SUPERFLY! Caught it on one of the movie channels on DirecTV tonight. Here’s an interesting look at the making of this blaxploitation classic, and how Curtis Mayfield came to do the soundtrack, which a well-known blogger once described as:
truly the best part of the film. Clearly working on a limited budget, the filmmakers somehow were precient enough to spend this portion of their funds very, very wisely. Mayfield’s music is part Greek chorus, part counterpoint to the action on the film, some of the best music of the 1970s, and the only sense of morality in the film. I’d love to know at what point Mayfield discovered he would be writing music for a film glorifying drug dealers, and decided to insert his own morals into his lyrics. His music makes an otherwise forgettable movie electrifying. Shaft may have had the bigger budget, and was better directed, but Mayfield’s score, throughout the entire film, far surpasses Isaac Hayes’ soundtrack efforts in Shaft: only Hayes’ theme song can stand on equal footing with all of the music that Mayfield wrote, and Johnny Tate brilliantly arranged, for Superfly.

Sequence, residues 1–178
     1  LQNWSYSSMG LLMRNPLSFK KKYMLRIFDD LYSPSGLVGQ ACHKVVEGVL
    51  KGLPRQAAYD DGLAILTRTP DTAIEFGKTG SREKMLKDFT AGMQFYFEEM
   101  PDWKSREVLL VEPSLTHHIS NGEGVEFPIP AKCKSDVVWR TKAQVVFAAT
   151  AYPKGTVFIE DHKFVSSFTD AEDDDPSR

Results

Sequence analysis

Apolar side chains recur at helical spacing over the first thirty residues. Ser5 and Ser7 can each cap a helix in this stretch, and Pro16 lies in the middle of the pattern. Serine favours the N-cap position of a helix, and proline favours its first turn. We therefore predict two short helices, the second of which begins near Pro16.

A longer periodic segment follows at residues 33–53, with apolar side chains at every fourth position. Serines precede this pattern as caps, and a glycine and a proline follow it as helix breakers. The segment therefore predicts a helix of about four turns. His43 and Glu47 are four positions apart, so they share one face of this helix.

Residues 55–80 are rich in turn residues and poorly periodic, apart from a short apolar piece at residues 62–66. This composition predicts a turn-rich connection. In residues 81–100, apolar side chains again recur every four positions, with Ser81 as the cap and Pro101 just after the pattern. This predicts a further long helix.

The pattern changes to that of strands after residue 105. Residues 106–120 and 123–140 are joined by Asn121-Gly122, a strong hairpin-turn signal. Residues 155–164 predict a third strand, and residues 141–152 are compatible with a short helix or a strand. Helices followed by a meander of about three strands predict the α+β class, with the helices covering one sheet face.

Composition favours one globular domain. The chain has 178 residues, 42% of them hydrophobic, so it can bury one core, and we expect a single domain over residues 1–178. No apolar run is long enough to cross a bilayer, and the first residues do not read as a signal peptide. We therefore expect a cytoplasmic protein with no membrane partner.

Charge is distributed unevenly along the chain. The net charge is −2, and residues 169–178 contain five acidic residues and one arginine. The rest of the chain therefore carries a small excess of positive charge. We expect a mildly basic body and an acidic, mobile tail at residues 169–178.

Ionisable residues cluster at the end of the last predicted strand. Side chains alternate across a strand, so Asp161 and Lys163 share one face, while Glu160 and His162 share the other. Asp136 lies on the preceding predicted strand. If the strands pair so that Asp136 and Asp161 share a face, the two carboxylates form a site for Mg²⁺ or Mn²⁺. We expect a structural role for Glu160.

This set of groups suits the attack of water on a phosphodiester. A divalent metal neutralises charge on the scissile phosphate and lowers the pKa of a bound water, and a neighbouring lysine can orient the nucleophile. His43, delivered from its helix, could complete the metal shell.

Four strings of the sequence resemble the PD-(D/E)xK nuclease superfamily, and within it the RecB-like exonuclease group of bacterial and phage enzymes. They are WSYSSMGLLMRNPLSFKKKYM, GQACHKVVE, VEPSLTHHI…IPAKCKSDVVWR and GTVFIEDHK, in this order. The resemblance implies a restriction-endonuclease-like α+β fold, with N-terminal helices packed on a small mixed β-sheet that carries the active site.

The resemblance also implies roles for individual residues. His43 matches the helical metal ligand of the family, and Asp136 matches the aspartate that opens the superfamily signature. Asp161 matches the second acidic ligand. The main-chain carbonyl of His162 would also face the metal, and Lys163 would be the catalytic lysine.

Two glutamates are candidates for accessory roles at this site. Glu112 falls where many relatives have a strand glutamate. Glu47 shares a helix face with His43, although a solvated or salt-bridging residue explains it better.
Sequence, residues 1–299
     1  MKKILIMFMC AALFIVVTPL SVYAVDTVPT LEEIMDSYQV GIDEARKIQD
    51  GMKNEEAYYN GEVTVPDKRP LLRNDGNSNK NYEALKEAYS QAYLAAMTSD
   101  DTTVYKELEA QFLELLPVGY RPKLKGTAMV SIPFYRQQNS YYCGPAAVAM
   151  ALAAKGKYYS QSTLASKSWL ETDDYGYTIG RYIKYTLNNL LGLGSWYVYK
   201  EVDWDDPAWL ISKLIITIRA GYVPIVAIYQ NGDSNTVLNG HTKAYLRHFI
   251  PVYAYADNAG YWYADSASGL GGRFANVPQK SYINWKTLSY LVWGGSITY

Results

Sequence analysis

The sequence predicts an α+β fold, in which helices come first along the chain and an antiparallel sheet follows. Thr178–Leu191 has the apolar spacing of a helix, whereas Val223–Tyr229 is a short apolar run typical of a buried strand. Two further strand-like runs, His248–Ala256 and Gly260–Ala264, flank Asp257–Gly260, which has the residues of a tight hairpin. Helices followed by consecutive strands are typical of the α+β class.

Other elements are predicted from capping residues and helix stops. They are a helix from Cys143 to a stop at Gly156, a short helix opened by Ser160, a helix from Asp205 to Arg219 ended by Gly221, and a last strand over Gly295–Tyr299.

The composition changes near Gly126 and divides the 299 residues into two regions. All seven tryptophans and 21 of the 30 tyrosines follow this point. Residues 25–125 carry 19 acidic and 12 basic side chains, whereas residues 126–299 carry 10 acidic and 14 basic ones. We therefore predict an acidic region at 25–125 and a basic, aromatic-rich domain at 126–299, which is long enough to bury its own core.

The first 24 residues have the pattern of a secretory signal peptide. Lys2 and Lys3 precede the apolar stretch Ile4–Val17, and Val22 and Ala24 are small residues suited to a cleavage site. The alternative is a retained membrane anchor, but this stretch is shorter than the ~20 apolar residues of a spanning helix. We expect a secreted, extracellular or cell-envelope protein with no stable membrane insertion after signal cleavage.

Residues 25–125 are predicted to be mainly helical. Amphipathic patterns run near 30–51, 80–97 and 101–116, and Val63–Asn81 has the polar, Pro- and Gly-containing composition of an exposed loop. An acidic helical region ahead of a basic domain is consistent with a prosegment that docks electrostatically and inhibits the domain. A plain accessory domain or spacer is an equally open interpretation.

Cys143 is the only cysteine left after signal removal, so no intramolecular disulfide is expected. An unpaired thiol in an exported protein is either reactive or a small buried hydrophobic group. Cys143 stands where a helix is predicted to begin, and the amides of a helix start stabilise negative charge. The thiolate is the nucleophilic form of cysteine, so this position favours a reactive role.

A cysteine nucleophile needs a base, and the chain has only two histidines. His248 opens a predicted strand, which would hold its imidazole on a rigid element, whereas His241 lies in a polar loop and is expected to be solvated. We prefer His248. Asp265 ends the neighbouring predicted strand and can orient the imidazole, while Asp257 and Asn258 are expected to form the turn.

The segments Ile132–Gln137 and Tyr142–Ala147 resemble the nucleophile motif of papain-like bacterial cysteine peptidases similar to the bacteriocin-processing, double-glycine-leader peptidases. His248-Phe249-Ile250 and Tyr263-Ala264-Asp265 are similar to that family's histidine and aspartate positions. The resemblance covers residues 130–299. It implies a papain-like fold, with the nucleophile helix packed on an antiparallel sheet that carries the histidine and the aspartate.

Unfortunately, to borrow a phrase from Les Paul, it seems like a good chunk of Superfly’s audience “listened with their eyes”, and ignored Mayfield’s warnings: visually, Superfly is ground zero for “gangsta rap”: huge Cadillacs, even bigger lapels and Fedoras, black gangsters “with a plan to stick it to the man”, white policemen pushing drugs themselves (paging Maxine Waters!)–so much of rap culture begins here. (And I can’t help but wonder if O’Neal’s flowing locks were the inspiration for Al Sharpton’s impressively coiffed hair.)
As I wrote a year ago, “Too bad they didn’t listen to the music–they might have learned something.”